Five themes stood out from this year’s research on the state of application development:
- Application development demands are at an all-time high.
- There is a developer talent shortage, and citizen development is on the rise.
- IT backlogs remain big.
- Agile and DevOps are works in progress.
- Customer-centric IT practices are on the rise.
In this fifth and final article in our top application development trends series, we explore the customer-centric priorities and development methods that respondents told us they were adopting.
Types of App to Be Delivered in 2018
We asked respondents to describe the two most important types of application that they would develop in 2018. As shown here, in first place came apps that are used directly by customers or business partners (66%). Apps that support internal processes and operations, including analytics came second (52%).
In Search of Speed
In our survey, we wanted to find out what organizations were doing to speed up application delivery.
Customer-centric methods scored highly, with design thinking, customer journey mapping, and lean UX combining for a 52% share of attention.
This correlates with many other research reports that indicate customer-centric experimentation is on the rise.
Use and Purpose of Low-Code Development Platforms
We asked respondents whether low-code development platform was currently part of their IT strategy. Thirty-four percent said that their organization was already using such a platform, and a further 9% said they would start to use one soon. In the report, where we made comparisons between users and non-users of low-code, it was just the 34% already using that we compared to all other responses.
Using Low-Code Where It Matters
We asked the 34% of respondents who were already using low-code what kinds of projects they were delivering with low-code. The answers were as follows:
The response to customer and partner facing portals and web apps (50%) and mobile apps that serve the same users (32%) clearly emphasizes that low-code is pulling its weight when it comes to serving customers and business partners.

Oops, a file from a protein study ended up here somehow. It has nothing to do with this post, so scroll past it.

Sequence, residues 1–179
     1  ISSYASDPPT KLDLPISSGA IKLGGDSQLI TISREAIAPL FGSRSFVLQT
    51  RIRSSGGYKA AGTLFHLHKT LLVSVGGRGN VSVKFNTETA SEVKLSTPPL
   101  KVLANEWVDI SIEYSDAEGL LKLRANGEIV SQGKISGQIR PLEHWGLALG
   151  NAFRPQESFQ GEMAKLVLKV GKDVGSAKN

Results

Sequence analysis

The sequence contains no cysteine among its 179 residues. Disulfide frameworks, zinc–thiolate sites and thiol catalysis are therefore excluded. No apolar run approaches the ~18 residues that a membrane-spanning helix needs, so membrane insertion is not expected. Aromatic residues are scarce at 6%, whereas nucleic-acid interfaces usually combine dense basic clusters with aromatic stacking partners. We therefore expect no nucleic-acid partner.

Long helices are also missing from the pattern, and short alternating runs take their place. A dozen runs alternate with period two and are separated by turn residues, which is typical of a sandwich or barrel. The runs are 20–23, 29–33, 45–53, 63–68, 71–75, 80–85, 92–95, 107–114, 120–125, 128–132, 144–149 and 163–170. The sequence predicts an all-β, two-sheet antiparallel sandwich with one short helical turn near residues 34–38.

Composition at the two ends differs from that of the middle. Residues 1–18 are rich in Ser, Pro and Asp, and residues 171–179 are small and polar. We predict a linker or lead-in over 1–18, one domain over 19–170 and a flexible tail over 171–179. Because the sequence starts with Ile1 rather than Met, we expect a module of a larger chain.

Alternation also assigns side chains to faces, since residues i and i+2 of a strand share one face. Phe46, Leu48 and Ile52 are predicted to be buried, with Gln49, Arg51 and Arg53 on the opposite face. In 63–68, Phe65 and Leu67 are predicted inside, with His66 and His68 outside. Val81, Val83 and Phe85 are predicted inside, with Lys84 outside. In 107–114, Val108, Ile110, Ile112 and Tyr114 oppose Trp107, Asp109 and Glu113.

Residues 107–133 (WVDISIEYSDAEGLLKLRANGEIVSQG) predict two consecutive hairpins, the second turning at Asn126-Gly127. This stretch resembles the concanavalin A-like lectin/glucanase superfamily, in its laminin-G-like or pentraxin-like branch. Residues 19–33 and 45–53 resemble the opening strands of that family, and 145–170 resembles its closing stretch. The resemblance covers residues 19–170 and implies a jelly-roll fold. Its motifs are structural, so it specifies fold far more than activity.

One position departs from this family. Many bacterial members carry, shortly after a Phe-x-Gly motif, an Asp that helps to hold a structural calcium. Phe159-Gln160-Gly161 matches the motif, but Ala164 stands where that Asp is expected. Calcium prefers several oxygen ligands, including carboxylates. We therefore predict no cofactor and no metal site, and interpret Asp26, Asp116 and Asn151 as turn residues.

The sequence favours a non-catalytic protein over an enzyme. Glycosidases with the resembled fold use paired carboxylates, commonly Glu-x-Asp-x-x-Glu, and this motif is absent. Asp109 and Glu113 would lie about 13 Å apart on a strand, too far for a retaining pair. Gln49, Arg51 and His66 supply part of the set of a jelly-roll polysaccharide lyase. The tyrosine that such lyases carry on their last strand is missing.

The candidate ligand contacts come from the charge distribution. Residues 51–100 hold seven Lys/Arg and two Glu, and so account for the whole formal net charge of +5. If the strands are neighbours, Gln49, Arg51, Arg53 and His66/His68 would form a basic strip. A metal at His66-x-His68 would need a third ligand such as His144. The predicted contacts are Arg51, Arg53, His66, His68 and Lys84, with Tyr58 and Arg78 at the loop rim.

"50% of low-code users are serving customers or partners with web applications, and 32% are serving them with mobile apps."
Given that respondents told us that their most important applications slated for delivery in 2018 were those serving customers and partners, it seems those who have low-code are perfectly willing to use it on top priority projects.
The Proof That Low-Code Is Delivering
According to the opinions provided by the 34% of respondents that are already using low-code, it is making a significant difference to their digital transformation efforts. Here’s a quick summary of the advantages they told us they are experiencing.
Compared to those who are not, respondents who are using low-code are:
- 21% more likely to describe their organization as happy or somewhat happy with the speed of application development
- 15% more likely to deliver applications in four months or less
- Less than half as likely to report app delivery times of 12 months or more
- 15% more likely to describe their agile maturity positively
- 10% more likely to describe their DevOps maturity positively
- Nearly three times more likely to say they have no app dev backlog
- Two-and-a-half times less likely to have a backlog of more than 10 applications waiting for development
For the full low-down, we hope you’ll read the full report.
If you’ve missed any of the four previous posts in this series, here are the links for your convenience: